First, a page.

“At the very least, it’s a lack of acknowledgement of your existence,” says Murphy, an administrator at a foster care agency in Hamden, Conn. “It’s hurtful to not be acknowledged. Kids may start to think, ‘I guess my family isn’t as good as other families, because I never hear about families that look like us.’”

 

Learning the Language

In 2002, employees of the California-based Parent Services Project, a national nonprofit that works with early childhood educators to improve parental involvement, decided to offer professional development training to help educators improve their support for LGBT families. They quickly discovered such a program didn’t exist—so they worked with City College of San Francisco to create one. Today, the curriculum, called Making Room in the Circle, is offered as a regular course at universities across the country.

“For many early childhood educators, there is fear around addressing LGBT issues in their classrooms,” says PSP Executive Director Jenny Ocón. “We know it takes a lot of courage to speak up.”

Participants are often surprised to learn how their classroom conduct can reinforce unwelcoming environments. For example, activities as commonplace as creating Mother’s Day cards can create awkward moments for children with two dads. 

Not every educator who takes the training necessarily approves of same-sex marriage or is comfortable with LGBT issues. But Ocón says that isn’t the point.

“Even if you believe that to be true, it’s important to think about the well-being of the child in that family,” she says. “Not acknowledging that family would do real harm to that child—that’s the place we keep coming back to.”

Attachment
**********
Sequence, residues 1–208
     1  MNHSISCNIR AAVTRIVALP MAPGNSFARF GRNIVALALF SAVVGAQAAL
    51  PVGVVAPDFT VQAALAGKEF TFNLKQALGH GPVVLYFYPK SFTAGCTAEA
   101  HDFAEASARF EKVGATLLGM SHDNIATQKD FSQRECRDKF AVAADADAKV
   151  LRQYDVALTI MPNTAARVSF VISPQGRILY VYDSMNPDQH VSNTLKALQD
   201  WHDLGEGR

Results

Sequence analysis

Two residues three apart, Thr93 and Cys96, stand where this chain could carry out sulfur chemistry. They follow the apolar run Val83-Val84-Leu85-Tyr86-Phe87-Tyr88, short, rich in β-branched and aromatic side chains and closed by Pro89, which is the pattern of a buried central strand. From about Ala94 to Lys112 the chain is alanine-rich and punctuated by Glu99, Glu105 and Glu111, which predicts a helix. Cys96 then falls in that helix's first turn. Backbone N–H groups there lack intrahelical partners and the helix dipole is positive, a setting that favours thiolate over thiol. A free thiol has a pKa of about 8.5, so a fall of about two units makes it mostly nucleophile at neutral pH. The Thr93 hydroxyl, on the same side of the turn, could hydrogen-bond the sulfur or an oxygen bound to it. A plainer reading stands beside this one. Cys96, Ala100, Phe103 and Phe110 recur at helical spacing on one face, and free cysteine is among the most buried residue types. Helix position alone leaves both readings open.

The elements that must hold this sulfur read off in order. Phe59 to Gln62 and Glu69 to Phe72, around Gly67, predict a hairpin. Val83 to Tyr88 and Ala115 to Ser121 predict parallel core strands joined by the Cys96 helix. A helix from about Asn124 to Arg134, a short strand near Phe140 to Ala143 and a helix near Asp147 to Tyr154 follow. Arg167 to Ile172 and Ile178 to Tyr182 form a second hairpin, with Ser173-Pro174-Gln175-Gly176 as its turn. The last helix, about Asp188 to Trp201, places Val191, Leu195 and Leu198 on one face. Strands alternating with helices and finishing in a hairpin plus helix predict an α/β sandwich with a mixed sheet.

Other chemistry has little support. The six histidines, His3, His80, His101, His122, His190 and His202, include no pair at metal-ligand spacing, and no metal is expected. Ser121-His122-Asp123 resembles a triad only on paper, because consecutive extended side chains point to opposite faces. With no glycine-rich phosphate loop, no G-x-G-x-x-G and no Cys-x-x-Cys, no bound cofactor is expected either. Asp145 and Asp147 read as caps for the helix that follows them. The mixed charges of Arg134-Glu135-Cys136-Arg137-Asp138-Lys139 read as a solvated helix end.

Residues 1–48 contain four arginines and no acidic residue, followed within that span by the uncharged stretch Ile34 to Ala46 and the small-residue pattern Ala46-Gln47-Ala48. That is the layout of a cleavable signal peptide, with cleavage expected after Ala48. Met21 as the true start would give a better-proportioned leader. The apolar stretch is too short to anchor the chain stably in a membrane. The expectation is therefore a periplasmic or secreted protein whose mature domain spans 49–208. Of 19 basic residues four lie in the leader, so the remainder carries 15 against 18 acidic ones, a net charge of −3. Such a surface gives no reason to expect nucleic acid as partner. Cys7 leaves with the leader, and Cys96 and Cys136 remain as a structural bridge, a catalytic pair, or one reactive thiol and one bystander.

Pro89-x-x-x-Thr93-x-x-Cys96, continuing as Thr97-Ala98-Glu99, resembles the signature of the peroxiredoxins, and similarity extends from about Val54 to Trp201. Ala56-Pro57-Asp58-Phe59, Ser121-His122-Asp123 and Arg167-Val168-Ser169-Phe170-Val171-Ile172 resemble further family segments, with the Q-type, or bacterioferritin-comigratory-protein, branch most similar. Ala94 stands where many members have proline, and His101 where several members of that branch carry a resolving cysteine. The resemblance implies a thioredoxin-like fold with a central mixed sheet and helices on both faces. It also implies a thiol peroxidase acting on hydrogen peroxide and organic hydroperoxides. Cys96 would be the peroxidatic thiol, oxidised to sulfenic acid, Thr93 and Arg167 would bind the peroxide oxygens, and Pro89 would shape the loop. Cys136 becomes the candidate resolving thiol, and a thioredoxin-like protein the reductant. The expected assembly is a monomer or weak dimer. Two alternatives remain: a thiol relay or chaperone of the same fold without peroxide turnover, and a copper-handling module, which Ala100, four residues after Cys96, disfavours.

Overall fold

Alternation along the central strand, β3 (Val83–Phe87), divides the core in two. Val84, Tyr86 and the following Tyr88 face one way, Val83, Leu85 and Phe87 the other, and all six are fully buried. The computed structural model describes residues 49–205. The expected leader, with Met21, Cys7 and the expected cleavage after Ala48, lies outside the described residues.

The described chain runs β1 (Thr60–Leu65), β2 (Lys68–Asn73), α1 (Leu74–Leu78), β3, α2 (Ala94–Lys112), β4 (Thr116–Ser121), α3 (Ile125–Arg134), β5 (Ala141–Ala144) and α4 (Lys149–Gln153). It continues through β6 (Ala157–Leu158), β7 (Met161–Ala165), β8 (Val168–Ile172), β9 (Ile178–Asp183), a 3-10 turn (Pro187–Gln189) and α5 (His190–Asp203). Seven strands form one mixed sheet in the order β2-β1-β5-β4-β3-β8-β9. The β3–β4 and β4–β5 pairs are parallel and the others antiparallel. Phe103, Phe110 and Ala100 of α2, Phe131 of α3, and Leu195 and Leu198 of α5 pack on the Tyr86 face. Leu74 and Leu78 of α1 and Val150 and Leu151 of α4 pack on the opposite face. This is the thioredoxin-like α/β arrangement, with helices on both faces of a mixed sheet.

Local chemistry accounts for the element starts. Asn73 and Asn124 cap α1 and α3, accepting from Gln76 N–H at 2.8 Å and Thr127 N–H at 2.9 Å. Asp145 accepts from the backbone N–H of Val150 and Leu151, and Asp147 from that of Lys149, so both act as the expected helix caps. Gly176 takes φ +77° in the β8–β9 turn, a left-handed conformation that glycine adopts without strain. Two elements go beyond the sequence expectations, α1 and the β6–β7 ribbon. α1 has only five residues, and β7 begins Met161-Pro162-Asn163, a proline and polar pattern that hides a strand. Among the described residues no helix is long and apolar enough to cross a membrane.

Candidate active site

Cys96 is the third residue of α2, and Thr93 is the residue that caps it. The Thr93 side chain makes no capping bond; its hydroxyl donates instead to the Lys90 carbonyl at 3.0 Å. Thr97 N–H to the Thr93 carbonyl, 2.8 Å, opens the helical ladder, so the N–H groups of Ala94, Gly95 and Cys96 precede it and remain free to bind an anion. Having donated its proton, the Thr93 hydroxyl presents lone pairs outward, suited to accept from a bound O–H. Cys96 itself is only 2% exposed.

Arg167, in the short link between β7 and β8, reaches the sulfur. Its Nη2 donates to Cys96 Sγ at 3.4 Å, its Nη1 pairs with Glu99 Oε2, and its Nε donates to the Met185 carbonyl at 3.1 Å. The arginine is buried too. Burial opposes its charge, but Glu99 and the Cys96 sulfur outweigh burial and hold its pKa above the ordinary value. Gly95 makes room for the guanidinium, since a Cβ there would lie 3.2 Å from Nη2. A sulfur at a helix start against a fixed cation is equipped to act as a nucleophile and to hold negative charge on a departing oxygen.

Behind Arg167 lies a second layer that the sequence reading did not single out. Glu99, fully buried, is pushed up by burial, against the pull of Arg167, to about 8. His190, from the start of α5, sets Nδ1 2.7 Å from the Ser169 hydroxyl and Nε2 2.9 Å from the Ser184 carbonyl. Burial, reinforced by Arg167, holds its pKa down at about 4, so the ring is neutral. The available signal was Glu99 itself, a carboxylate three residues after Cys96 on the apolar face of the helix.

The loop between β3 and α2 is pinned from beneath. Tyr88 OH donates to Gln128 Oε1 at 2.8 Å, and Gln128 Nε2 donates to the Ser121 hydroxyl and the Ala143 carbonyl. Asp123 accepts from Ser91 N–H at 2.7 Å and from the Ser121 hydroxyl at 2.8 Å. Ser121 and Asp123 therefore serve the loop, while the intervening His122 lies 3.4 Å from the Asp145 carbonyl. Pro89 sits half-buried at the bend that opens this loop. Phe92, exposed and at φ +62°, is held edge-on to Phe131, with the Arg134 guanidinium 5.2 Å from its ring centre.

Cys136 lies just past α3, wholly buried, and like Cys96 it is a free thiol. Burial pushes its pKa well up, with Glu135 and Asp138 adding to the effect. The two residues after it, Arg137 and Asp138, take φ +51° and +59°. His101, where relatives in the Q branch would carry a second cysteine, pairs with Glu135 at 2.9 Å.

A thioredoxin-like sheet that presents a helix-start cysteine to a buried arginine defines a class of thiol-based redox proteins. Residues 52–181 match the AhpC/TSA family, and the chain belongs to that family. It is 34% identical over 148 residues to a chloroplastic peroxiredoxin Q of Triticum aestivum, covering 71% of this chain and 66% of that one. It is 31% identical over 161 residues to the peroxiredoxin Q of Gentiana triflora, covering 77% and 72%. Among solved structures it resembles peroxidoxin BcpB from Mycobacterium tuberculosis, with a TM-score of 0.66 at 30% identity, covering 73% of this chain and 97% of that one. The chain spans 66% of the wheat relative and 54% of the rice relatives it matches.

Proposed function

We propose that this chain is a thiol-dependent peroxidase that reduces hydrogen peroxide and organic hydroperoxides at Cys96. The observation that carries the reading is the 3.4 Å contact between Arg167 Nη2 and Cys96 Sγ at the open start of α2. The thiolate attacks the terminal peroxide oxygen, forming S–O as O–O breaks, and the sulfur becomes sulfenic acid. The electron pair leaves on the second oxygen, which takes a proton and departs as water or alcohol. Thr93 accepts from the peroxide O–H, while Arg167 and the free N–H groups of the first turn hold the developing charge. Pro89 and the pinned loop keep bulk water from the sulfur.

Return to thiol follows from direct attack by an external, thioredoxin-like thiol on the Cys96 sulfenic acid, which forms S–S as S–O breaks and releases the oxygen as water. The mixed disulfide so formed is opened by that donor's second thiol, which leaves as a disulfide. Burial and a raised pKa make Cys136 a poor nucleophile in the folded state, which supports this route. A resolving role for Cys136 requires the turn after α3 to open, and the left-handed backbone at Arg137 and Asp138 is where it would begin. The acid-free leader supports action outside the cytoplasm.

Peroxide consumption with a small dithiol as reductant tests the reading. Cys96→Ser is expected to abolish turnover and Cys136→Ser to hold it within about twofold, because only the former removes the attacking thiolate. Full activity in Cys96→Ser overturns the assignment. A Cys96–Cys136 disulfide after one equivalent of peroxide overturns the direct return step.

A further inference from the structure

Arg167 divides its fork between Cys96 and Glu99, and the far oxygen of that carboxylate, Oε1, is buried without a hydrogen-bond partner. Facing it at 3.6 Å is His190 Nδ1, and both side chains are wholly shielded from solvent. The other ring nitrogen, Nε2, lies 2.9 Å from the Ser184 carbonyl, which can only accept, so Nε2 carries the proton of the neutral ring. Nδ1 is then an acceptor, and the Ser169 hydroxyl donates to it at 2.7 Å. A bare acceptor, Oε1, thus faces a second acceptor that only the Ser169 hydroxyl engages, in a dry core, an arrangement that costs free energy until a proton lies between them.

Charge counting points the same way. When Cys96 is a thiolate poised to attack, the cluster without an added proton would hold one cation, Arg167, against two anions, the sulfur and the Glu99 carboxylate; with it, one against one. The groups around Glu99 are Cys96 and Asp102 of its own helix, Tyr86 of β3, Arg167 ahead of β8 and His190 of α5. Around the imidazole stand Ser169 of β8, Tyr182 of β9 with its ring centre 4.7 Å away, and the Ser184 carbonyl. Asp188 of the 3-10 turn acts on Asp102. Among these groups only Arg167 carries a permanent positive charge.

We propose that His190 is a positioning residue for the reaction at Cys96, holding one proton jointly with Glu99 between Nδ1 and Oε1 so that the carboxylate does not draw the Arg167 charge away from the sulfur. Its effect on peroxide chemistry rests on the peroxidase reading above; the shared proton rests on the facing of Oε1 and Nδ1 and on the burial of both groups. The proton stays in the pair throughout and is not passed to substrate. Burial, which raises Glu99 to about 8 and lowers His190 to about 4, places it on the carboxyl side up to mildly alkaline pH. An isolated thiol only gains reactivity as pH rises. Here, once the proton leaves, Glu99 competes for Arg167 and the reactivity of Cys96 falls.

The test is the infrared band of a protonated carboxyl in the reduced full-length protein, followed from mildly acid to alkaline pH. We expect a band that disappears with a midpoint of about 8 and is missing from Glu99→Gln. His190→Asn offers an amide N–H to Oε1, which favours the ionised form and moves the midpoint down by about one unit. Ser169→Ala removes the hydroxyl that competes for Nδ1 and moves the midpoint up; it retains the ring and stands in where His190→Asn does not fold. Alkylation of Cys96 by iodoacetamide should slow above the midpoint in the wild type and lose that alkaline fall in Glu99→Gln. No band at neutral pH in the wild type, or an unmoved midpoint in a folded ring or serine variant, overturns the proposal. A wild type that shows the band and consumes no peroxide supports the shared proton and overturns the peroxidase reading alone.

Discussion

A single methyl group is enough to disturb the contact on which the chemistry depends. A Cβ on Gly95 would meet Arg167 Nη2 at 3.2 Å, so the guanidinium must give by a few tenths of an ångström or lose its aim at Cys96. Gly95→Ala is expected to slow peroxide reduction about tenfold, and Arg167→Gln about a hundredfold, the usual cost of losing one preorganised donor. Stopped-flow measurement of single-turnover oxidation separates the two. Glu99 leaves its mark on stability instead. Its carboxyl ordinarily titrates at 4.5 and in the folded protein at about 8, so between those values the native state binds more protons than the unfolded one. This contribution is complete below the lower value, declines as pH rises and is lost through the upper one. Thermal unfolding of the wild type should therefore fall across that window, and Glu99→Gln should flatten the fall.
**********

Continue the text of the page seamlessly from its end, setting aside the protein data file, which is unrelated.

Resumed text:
Hitting the Books

Twenty years ago, children’s books that openly referenced LGBT families were almost nonexistent. But since Heather Has Two Mommies was published in 1989, the number of LGBT family-themed books for young readers has exploded.

Back in Wisconsin, Hatchell regularly recommended these titles to her colleagues, but she worried there were few such books in the school library. “Our teachers wanted to create inclusive curriculum,” Hatchell says, “but we didn’t have the resources to make it happen.”

So last year, she successfully applied for a district grant to provide LGBT family-friendly books—along with sample lesson plans and staff training—to every school in the city. “It’s not my child’s job to teach other kids about families with two moms,” Hatchell says. “It’s the school’s responsibility, even when there aren’t any children with LGBT families in the class.”

The books have been an immediate hit with parents, teachers and children. 

One afternoon earlier this year, Shorewood Hills third-grader Suzanne Oriel browsed the books on display in Hatchell’s art room. “They help other kids be more accepting,” Suzanne says. “It helps them think of our families as just regular families, too.”

Reading List for Mimi's Moms

These books include families that come in many shapes, sizes and structures: 
 

ABC: A Family Alphabet Book 
by Bobbie Combs
 

All Families Are Special 
by Norma Simon
 

And Tango Makes Three 
by Justin Richardson and Peter Parnell
 

Antonio’s Card/La Tarjeta de Antonio 
by Rigoberto Gonzalez
 

Carly: She’s Still My Daddy 
by Mary Boenke
 

Daddy, Papa, and Me 
by Lesléa Newman
 

Emma and Meesha My Boy: 
A Two Mom Story
 

by Kaitlyn Taylor Considine
 

Everywhere Babies 
by Susan Meyers 
 

Families Like Mine: Children of Gay Parents Tell It Like It Is 
by Abigail Garner
 

Heather Has Two Mommies: 
20th Anniversary Edition
 

by Lesléa Newman
 

In Our Mothers’ House 
by Patricia Polacco
 

King and King 
by Linda de Haan and Stern Nijland
 

King and King and Family 
by Linda de Haan and Stern Nijland
 

Sources: Parent Services Project, Madison Metropolitan School District, Cooperative Children’s Book Center